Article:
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UN Secretary General Ban Ki-moon says ‘fighting has set Syria back decades’

The dogs of Littlefield, By Suzanne Berne - Review

The Orange Prize winner Suzanne Berne is on familiar ground with her fifth novel examining life in an affluent American village. Littlefield, Massachusetts, is named one of the 10 best places to live in America. Curiously, it also houses an unusually high number of psychotherapists. Clarice Watkins, a sociologist from the University of Chicago, decides to study Littlefield to find out exactly what makes it such a good place to live. She arrives to find a town at war, split between those who want their dogs to be off the leash in the local park and those who object. Opinions become more polarised when someone starts poisoning dogs and an undercurrent of fear pulses through the community.

Owen Paterson has not met any representatives of a food charity since becoming Secretary of State for Environment, Food and Rural Affairs

Owen Paterson has met Rupert Murdoch, Alan Titchmarsh and E.On – but no food charities since becoming Environment Secretary

 Labour says failure to meet charities was alarming at a time when half a million people have received emergency food aid since April this year

Are you snarky or smarmy? Too much sunny side up will fry the brain

A Gawker essay has ignited a culture war on the value of niceness

A group of Christian vigilantes in the capital Bangui act out what they would do if they caught members of the Seleka Muslim militia

France to ask allies for help in Central Africa

It wants troops or logistical aid to head off a possible genocidal civil war

French President Francois Hollande speaks with French soldiers after he paid tribute to two French soldiers who were killed overnight, in Bangui

Mission will continue, says François Hollande as he flies in to war-torn Central African Republic

Five hundred have died in clashes between Muslims and Christians over the last week

Rescue centre overrun by adorable seal pups in wake of record flood surge

A rescue centre in Norfolk is full to capacity with 100 adorable seal pups following the recent record flood surge that hit Britain.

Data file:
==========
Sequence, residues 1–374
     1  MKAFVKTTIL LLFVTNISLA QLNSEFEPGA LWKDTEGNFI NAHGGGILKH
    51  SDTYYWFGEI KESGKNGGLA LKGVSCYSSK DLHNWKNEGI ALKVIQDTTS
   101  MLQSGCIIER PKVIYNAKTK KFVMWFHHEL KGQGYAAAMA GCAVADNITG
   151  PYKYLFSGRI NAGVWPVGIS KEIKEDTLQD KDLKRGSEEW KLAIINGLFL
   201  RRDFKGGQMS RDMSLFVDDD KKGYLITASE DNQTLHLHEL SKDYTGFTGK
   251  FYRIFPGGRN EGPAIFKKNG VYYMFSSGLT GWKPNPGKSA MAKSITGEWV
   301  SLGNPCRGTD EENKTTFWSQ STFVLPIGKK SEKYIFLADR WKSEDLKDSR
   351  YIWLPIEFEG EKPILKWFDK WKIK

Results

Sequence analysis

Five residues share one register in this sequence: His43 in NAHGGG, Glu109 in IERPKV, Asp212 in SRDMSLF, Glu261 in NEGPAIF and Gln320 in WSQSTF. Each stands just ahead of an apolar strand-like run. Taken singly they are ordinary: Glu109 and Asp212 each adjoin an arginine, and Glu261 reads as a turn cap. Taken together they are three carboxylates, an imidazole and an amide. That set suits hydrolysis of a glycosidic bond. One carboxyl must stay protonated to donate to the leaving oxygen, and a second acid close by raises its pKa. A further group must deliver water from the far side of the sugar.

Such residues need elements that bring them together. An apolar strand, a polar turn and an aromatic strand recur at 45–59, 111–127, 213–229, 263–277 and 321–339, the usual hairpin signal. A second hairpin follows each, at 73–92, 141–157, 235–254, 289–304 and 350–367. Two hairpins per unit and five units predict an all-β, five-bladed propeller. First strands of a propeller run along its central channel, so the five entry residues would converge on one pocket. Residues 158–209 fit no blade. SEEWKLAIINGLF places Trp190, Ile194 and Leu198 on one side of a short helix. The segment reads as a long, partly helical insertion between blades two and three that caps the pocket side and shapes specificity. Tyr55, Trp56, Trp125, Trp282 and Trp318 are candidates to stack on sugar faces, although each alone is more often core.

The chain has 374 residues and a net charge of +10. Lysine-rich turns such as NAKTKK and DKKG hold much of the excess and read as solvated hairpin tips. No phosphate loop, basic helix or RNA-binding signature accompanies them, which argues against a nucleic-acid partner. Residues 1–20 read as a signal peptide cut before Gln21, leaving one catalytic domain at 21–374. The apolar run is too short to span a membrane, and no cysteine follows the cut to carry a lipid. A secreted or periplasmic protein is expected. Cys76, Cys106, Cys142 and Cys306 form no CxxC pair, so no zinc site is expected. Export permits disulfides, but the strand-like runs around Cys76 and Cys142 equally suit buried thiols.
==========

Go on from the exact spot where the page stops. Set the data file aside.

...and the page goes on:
A French soldier patrols the streets of Bangui in the Central African Republic

After days of sectarian violence, French troops bring calm to the Central African Republic

Fighting between rival militias and random attacks on civilians has killed at least 400 people in three days

A boy carries relief goods, walking past the devastation caused by Typhoon Haiyan, in Tacloban city, Leyte province, central Philippines

Typhoon Haiyan: As aid agencies mount mission to help victims of monster storm, how can you help in the relief effort?

Agencies across the world are taking donations to support the estimated two million people impacted

Too late: Four-year-old Hamzah Khan died at the hands of his mother

Special report: Elite social-worker course attracts 1,000 graduates, but Frontline will take only the best 100

Rigorous government-backed tests modelled on MI5 recruitment to create robust child-protection teams

Amanda Hutton starved four-year-old son to death then ordered pizza, court hears

Mother with history of alcohol and drug abuse let her son starve to death, court told

Andy McSmith's Diary: PM’s slip of the tongue was more like Putin his foot in it

David Cameron made an unfortunate slip of the tongue at Prime Minister’s Questions when he referred to “the Russian regime” – at a time when he is striving to improve relations with Vladimir Putin, whom he will meet in Belfast at the weekend, in the honourable hope that he can be persuaded to stop arming the Syrian regime. When he met Putin in Sochi last month, he did not so much as mention Alexander Litvinenko, who was murdered on British soil.

A malnourished Somali baby at the Banadir hospital in Mogadishu. Almost 260,000 Somali people, half of them children, died of dire hunger from 2010 to 2012, greatly more than was feared at the time

Somalia: UN’s late declaration of famine in 2011 cost lives

The United Nations has admitted that a delay in declaring a famine in Somalia in 2011 cost additional lives, after a new report revealed that more than a quarter of a million people died, half of them young children.

The Rohingyas are fall guys in Burma's race to harness chauvinism

Sittwe, the capital of Arakan state, is little more than a sleepy, dusty, overgrown village. Time appears to have stopped not long after the British left in 1948. Opposite the town’s golden zeydi, its Buddhist stupa, are the green-painted ruins of a mosque, but today there are few other obvious signs of last year’s violence. The great bulk of the town’s Muslim population has been banished to the outskirts: fishermen’s shacks and a sprawling camp where 7,000 men, women and children live under canvas.

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John Moore inspired this Coca Cola Christmas advert
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John Moore starred in Coca Cola and Morrisons adverts